Bernstein and Turban (p. 6, 2018) found that moving staff to an open plan office reduced face to face interaction by 70% and increased email traffic by 20% to 50%. The assumption has been that open plan increases informal face to face interaction between staff. However, the authors claim this to be the first study to actually measure the effect directly, rather than just relying on surveys.
Staff in an office building wore Sociometric badges (Bernstein & Turban, p. 3, 2018). The badges had IR transceivers and microphones to detect when two wearers were conversing. Staff were tracked in an office layout with walls and then after moving to open plan.
This study was conducted in a Fortune 500 company and it would be interesting to replicate it at a university. New university buildings, such as that at ANU for Maths, Computing and Cyber security
, have an open plan for most staff and graduate students. Even the few enclosed offices in new buildings tend to be located adjacent to the open plan areas, on the assumption this improves collaboration. This may be incorrect and the layout might reduce collaboration.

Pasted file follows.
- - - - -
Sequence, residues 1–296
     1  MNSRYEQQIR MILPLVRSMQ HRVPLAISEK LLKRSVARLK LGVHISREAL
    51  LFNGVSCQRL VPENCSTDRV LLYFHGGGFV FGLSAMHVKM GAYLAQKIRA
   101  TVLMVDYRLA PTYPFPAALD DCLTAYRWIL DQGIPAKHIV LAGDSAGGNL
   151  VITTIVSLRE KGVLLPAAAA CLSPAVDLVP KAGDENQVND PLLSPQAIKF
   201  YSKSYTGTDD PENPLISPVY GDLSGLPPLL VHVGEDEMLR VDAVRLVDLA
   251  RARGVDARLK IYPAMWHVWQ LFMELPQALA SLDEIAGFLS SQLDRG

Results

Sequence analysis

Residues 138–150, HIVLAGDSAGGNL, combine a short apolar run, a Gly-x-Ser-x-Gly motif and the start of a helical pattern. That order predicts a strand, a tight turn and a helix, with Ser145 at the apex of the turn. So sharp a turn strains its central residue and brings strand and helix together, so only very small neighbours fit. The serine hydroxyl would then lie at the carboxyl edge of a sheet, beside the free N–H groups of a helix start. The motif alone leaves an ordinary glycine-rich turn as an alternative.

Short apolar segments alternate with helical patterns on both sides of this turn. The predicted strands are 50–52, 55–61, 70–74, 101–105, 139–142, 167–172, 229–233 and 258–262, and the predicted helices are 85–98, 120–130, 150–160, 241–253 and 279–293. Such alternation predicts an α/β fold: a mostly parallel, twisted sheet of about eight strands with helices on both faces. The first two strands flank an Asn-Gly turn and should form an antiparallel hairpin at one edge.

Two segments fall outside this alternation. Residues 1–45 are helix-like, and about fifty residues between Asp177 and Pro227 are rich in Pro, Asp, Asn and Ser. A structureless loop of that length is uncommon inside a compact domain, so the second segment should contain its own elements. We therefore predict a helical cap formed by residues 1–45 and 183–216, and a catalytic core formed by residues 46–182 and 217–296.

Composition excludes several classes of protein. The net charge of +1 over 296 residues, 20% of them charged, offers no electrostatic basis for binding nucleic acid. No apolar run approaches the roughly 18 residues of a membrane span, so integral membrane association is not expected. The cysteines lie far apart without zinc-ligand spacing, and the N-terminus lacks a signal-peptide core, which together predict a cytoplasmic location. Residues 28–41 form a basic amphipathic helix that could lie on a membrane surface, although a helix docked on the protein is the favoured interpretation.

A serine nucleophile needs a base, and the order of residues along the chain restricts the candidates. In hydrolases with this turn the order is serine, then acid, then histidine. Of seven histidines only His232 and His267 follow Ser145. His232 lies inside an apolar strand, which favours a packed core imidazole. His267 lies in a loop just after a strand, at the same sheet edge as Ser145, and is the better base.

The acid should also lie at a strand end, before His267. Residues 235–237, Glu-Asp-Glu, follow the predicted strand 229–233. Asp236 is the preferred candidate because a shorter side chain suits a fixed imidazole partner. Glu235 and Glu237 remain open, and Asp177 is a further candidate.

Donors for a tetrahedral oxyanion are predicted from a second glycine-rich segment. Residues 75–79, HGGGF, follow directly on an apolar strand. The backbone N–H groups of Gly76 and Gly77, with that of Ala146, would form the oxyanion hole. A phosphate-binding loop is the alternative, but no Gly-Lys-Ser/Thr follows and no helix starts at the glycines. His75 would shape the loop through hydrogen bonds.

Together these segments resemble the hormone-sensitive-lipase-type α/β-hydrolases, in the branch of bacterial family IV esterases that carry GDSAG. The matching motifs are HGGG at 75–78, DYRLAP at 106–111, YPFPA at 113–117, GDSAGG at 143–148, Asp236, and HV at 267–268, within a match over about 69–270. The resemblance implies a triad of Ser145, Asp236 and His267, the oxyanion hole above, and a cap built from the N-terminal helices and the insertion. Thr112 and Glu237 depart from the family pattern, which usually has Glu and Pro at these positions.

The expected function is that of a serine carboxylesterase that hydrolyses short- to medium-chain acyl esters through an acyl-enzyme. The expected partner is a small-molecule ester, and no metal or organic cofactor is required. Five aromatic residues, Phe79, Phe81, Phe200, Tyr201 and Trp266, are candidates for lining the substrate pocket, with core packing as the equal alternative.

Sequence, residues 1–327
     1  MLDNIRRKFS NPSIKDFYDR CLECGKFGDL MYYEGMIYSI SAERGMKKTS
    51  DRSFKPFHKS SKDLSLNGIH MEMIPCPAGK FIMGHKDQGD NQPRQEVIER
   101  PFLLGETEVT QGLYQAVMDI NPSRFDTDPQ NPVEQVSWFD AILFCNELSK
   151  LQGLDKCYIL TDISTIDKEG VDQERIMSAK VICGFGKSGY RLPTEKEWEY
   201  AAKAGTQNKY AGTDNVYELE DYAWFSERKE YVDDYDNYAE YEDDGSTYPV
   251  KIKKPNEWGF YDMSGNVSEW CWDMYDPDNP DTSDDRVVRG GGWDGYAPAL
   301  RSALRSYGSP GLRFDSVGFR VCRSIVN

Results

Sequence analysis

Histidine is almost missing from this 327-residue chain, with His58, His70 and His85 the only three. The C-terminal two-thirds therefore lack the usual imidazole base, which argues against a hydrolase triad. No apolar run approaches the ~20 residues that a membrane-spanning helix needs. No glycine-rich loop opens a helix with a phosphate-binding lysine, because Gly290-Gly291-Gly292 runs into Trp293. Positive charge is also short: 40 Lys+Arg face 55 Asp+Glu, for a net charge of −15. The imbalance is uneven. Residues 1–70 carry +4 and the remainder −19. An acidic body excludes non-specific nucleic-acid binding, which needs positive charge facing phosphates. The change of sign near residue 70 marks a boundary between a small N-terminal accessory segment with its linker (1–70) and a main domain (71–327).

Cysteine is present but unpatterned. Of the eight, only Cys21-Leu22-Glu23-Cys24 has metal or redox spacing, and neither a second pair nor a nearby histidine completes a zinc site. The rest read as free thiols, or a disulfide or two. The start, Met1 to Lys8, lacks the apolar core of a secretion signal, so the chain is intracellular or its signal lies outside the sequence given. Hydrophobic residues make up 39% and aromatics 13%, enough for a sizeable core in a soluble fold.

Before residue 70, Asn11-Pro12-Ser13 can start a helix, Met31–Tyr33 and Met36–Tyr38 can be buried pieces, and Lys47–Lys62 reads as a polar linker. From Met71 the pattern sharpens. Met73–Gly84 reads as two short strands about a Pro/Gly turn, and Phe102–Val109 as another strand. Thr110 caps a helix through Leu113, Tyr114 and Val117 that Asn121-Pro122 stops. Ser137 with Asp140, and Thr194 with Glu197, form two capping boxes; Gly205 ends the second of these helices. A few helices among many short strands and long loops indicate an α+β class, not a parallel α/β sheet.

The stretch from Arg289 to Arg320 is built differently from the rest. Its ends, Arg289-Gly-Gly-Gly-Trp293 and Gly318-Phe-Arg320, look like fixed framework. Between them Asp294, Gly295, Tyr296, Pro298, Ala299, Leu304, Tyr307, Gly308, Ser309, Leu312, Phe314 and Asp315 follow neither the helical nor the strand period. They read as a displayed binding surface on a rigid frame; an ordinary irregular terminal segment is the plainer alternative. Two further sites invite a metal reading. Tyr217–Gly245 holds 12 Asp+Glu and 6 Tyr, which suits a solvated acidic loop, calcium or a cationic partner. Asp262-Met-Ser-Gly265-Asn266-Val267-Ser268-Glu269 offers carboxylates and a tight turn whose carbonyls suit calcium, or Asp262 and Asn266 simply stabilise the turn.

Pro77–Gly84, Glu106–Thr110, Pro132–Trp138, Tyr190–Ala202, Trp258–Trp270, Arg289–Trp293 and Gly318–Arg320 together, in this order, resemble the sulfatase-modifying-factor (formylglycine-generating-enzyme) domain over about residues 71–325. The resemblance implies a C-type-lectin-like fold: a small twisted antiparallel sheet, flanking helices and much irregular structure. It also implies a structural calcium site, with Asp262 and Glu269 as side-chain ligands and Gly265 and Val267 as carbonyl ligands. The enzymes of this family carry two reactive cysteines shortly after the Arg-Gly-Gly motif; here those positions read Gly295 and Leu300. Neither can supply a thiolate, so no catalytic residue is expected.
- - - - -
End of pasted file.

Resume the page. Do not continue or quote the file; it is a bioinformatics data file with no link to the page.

|Professor Andy Hopper, |
wearing an active badge,
Cambridge, UK, 1996
However, some limitations should be noted with Bernstein and Turban's experiment (2018). In 1996 I visited Professor Andy Hopper, Head of the Olivetti and Oracle Research Laboratory in Cambridge, UK. The lab had developed an Active Badge System. The badges had IR beacons for tracking staff and visitors (in the photo I took, Professor Hopper's badge is just visible behind his hand).
The badges also provided access control. However, I simply walked into the building following someone wearing a badge and surprised the counter staff who said "How did you get in?". I was then issued with a badge which I wore during the visit, but found that staff tended to leave them covered, so they could not be tracked, and just bring them out for access. There may have been some of this behavior with Bernstein and Turban's badges, which would skew the results.
In addition, the assumption that people talking to each other indicates work relevant collaboration perhaps also needs to be tested. For privacy reasons, Bernstein and Turban's badges only recoded that people were conversing, not what was being said. Many water cooler conversations are not work related. However,
Bernstein and Turban did report anecdotally that the company's own productively measures had shown a drop with the move to open plan.
Bernstein ES, Turban S. (2018, July 2). The impact of the ‘open’ workspace on human collaboration. Phil. Trans. R. Soc. B 373: 20170239. http://dx.doi.org/10.1098/rstb.2017.0239
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